Of course the logic behind all of this is clear, blockbuster games require huge budgets to pay for the people who work on them. Big budgets require investors and businessmen, rather than coders sitting in their bedrooms, these businessmen want to protect their investments and increase profit wherever possible. It doesn’t always have to end badly as Gabe Newell has proven with the Steam platform, but it often does. Micro-transactions, anti-piracy measures and pre-order bonuses are all ways that companies can secure a little bit more money out of the game-playing public, and they all tend to make the games involved a tiny bit worse. I’ve written defending micro-transactions on free-to-play games before, but I can see how being asked to cough up an extra £5 on top of the £40 you paid for a game just to see the ‘true’ ending is more than a little irritating, when ten years ago that entire game would have come on the disc.

The truth is, that if we keep pushing for more immersive and polished games, we need to accept the issues that come with the money. Just like Hollywood did when producers started interfering, people with money got that money by being smart about it. We can’t ask for it as charity and then expect them to give things away that they could charge us for. More than ever it is difficult for a game to break even, let alone create a decent return, and the marketplace is ever more crowded with different titles fighting for your attention. If they grab you, they’ll take whatever money they can, and as far as I’m concerned, you should be glad to hand it over as the long as the product is of good quality.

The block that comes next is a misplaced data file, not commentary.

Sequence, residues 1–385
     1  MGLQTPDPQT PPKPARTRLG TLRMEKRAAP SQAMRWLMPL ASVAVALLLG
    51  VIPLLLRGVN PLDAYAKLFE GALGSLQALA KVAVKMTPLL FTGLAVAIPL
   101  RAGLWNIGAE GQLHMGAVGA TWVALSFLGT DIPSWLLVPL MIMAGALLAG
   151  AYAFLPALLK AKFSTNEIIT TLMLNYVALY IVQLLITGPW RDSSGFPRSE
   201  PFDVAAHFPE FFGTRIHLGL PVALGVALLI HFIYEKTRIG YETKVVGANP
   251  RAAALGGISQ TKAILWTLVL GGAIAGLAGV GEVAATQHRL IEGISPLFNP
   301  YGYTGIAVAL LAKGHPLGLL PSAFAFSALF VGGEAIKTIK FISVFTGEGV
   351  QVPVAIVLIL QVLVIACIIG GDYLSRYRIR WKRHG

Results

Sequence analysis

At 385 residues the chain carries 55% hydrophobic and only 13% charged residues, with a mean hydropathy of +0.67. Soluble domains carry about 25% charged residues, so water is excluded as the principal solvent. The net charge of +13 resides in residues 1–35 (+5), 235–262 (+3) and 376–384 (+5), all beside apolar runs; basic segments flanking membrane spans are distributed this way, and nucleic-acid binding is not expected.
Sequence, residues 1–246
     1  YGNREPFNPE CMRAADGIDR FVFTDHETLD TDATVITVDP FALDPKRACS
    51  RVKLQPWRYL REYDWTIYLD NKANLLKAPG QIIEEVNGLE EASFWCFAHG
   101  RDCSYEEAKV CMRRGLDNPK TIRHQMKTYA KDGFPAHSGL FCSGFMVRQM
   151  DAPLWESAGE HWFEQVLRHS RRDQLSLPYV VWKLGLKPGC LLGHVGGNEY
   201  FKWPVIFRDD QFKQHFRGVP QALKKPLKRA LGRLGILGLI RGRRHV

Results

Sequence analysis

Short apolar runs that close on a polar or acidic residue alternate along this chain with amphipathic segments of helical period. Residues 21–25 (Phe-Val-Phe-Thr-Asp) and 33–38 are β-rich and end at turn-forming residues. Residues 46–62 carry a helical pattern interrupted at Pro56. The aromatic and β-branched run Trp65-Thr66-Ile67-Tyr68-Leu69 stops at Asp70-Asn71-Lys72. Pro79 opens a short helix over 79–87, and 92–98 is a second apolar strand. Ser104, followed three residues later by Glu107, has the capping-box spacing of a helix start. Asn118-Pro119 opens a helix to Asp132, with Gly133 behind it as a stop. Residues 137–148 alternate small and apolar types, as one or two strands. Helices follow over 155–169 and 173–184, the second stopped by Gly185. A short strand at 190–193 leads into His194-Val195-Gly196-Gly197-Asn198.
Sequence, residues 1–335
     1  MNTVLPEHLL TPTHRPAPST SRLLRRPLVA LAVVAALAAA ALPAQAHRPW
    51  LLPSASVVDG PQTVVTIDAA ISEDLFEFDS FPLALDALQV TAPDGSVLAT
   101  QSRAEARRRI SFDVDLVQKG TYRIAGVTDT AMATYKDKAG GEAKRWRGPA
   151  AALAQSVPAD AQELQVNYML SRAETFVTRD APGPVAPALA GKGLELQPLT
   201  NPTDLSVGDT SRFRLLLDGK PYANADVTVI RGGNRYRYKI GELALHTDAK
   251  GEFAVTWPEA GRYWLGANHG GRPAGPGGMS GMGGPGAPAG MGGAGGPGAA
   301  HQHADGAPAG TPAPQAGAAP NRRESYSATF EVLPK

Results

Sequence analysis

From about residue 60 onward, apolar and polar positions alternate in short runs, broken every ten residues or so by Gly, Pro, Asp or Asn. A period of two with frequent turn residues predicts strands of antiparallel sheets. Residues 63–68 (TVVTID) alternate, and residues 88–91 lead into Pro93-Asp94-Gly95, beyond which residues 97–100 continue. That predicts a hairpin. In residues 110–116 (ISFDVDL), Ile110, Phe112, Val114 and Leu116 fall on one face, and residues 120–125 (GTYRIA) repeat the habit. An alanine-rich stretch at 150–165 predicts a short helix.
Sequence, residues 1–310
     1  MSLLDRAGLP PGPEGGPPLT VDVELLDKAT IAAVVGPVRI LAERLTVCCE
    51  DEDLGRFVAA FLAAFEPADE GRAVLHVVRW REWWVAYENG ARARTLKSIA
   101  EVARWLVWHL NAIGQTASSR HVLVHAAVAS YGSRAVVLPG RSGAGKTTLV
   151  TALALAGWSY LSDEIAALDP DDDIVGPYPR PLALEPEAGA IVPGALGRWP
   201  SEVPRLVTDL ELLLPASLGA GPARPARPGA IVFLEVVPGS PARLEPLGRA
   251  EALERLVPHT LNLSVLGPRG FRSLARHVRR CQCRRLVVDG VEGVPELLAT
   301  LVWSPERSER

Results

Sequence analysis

From my perspective, you need to take the good with the bad. I want to play games like Call of Duty and Battlefield, so I’m happy to pay giant faceless organisations to create them for people like me. I’ve spent something in the region of £120 on Battlefield 3 (X360 and Premium and on the PC too) and it was worth it to me, and I hope it helps DICE and EA to make future titles like that. I’m also happy to play Fez, and ignore whatever Phil Fish says if I don’t agree with it, or argue with him if I ever meet him. Roland Barthes wrote a book called ‘Death of the Author’ in which he argued that when considering a piece of fiction, the author is irrelevant as the work should stand by itself. In gaming this is even more true, as that Call of Duty game that you’re writing off as another cash in by a corporation was worked on by over 200 people who were more passionate about gaming than you could ever imagine. They were given jobs and some security by a company that wanted to make money off it so they could pay themselves and carry on investing in more games. Some of those people might be racists and bigots, some of them might be liars, but once the game has been created and it’s good, does any of that matter to you?

Let me know in the comments.